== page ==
high.blood.pressure--1-

If you have regular high blood pressure then your doctor may suggest you the popular DASH Diet. DASH stands for Dietary Approaches to Stop Hypertension, You will experience your systolic blood pressure drop by 8–14 points once you begin on the journey with this sought after diet for a healthier Life.

DASH Diet Ranked best diet for 7th year in a row by US News & World Report. Also Best for diabetes, heart health, and healthy eating. Originally designed to lower blood pressure, the DASH diet is also very effective for weight loss, lowering cholesterol, and managing or preventing diabetes.

The DASH diet includes vegetables, fruits, and low-fat dairy foods with minimum involvement of sodium. You can also enjoy red meat, sweets and fats but in small quantity. According to the American Heart Association recommends 1,500 mg a day of sodium intake in a day and should be followed for maximum benefit. Include moderate amount of whole grains, fish, poultry and nuts to complete the diet which includes a number of servings per day depending on your individual requirement and circumstances.

It’s a diet low in saturated fats, cholesterol and total fat, find the recommended servings from each food group for the 2,000 calorie a day DASH Diet:

Grains:

Low in fat include grains like bread, cereal, rice and pasta. They are high in fiber and nutrients. Include whole grain instead of regular refined grains. Have at least 6 to 8 servings a day.

One Serving: Include 1 slice whole-wheat bread, 1 ounce dry cereal, or 1/2 cup cooked cereal, rice or pasta.

Vegetables:

Include loads of veggies in your diet like tomatoes, carrots, broccoli, sweet potatoes and other greens as they are full of fiber, vitamins, and minerals like magnesium and potassium.

One Serving: 1 cup raw leafy vegetables or ½ cup raw or cooked vegetables, recommended 4–5 servings.

Fruits:

Fruits are not only delicious but highly nutritious, include them in your snacking and include at least 4 to 5 servings a day. Like vegetables they are packed with fiber, magnesium, potassium and are typically low in fat. Do not throw away the edible peels, they can be included in recipes and add interesting texture.

One Serving: Include one medium fruit, 1/2 cup fresh, frozen or canned fruit, or 4 ounces of juice, recommended 4–5 serving per day.

Dairy:

Dairy products have been promoted since birth for the obvious benefits it has for your health. It supplies calcium, vitamin and protein.

Have at least 2–3 servings a day and make sure to choose products that are low in fat or fat-free as it has high level of saturated fats.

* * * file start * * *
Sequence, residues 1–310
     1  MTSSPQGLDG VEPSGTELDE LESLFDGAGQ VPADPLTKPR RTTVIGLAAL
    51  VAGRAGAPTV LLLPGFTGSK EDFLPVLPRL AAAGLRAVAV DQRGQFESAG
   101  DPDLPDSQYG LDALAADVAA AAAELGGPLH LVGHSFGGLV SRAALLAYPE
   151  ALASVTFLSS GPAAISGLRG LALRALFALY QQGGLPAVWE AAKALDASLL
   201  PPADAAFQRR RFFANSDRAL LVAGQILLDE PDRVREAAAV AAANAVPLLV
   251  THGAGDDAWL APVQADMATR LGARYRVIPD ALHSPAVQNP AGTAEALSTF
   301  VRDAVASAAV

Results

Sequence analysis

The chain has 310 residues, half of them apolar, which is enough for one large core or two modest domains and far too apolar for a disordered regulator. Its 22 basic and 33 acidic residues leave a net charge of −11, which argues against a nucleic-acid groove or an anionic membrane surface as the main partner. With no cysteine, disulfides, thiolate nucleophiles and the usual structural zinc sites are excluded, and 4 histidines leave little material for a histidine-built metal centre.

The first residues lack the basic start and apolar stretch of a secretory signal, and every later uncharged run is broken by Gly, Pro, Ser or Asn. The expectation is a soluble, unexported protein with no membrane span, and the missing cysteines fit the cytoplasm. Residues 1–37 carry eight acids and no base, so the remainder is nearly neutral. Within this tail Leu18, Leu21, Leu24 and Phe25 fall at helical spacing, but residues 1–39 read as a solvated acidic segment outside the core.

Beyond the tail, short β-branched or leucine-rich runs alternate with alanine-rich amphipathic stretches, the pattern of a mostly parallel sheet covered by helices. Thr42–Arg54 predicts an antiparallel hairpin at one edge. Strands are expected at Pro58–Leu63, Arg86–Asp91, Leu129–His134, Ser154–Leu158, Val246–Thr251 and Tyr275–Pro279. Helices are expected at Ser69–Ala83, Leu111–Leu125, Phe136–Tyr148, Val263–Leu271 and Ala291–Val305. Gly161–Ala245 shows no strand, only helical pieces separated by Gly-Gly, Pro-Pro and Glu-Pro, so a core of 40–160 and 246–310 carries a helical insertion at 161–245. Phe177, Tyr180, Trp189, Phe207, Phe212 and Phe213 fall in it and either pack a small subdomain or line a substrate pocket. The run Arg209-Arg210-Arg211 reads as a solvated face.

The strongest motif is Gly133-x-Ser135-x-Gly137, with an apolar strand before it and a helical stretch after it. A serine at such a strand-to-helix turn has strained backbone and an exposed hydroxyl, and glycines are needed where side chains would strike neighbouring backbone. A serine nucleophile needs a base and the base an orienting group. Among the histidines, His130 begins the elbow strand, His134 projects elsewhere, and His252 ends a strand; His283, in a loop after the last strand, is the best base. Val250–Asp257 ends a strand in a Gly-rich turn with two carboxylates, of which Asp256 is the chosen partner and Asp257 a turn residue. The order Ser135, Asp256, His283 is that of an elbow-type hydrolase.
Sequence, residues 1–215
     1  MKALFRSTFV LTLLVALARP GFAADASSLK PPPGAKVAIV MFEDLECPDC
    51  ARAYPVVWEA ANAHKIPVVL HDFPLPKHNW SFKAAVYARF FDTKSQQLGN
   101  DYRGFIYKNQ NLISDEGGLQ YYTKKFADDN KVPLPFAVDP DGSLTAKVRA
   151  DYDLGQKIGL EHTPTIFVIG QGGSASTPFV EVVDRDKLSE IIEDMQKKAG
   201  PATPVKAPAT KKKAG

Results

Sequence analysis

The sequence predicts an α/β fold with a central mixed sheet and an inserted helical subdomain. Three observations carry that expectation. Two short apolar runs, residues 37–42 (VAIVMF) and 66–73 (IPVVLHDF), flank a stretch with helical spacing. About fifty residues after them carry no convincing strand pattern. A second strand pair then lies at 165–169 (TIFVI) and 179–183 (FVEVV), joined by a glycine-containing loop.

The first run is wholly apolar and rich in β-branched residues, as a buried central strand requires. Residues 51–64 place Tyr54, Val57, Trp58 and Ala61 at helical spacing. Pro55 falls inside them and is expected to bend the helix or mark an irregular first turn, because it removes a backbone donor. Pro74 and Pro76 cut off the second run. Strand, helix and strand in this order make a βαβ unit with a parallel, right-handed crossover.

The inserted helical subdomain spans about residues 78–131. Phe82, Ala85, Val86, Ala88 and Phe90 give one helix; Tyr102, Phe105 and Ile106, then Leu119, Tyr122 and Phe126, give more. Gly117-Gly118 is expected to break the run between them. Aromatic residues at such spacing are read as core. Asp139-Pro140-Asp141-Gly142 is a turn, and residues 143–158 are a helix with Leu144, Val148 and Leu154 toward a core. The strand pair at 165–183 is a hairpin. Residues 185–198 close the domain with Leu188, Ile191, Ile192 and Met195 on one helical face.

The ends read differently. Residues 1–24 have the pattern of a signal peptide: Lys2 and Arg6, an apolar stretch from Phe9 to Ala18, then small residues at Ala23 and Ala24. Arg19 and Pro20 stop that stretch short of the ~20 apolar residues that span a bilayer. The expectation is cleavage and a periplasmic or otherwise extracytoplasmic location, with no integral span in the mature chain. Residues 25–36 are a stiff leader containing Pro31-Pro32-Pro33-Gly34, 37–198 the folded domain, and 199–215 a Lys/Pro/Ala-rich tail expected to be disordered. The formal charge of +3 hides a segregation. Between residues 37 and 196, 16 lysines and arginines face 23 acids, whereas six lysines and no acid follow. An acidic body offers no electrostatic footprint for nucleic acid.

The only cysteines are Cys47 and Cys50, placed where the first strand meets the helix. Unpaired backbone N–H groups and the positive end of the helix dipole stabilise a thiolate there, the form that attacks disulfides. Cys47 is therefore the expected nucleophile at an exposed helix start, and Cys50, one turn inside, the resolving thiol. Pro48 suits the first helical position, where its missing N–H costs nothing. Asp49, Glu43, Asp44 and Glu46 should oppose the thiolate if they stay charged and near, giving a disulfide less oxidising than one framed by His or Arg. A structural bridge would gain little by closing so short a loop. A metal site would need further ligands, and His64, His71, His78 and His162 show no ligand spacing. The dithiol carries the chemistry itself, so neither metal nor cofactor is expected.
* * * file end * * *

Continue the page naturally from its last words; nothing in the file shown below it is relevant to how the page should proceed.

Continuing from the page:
One Serving: Include 1 cup skim or 1 percent milk, 1 cup low fat yogurt, or 1 1/2 ounces part-skim cheese. Go easy on regular and even fat-free cheeses because they are typically high in sodium. Recommended 2–3 servings per day.

Lean meat, poultry and fish:

Choose lean variety of meat which is a rich source of protein, B vitamins, iron and zinc. Include at least 6 servings or fewer a day.

Trim away skin and fat from poultry and meat and then bake, broil, grill or roast instead of frying in fat.

Eat heart-healthy fish, such as salmon, herring and tuna. These types of fish are high in omega-3 fatty acids, which can help lower your total cholesterol.

One Serving: 28 grams cooked lean meat, skinless poultry or fish, 1 egg (no more than 4 a week), 2 egg whites, recommended 6 servings or fewer in a day.

Nuts, seeds and legumes:

Almonds, sunflower seeds, kidney beans, peas, lentils and other foods in this family are good sources of magnesium, potassium and protein. They’re also full of fiber and phytochemicals, which are plant compounds that may protect against some cancers and cardiovascular disease and a recommendation of 4–5 servings is advisable.

One Serving: include 1/3 cup nuts, 2 tablespoons seeds, or 1/2 cup cooked beans or peas. Soybeans based products, such as tofu and tempeh is a good alternative meat providing complete protein while nuts high in calories provide the essential fast like omega-3 and mono saturated ones.

Fats and oils:

Fat helps your body absorb essential vitamins and reduce your risk of heart disease, diabetes, obesity and helps with your body’s immune system. Saturated fat and trans fat are the main dietary culprits in increasing your risk of coronary artery disease therefore it is best advisable to reduce their consumption to 6 percent of your total calories.

A 2 to 3 servings per day is enough for your overall body requirements. This diet focuses on limiting your total fat consumption to 30%, focusing on consuming healthier monounsaturated fats.

One Serving: Includes 1tbsp. mayonnaise, 2 tbsp. salad dressing and 1 tsp margarine.

Sweets:

While consuming sweets choose those that are fat free or low fats, such as fruit ices, jelly beans, hard candy, or low fat cookies. Make it not more than 5 servings or fewer in a week, examples of one serving include 1 tablespoon sugar, jelly or jam, 1/2 cup sorbet, or 1 cup lemonade.

Go easy and cut back on added sugar, which has no nutritional value but can pack on calories.

Alcohol and caffeine:

Drinking too much alcohol can increase blood pressure. The Dietary Guidelines for Americans recommends that men limit alcohol to no more than two drinks a day and women to one or less.

While caffeine temporarily rises your blood pressure, talk to your doctor about its consumption.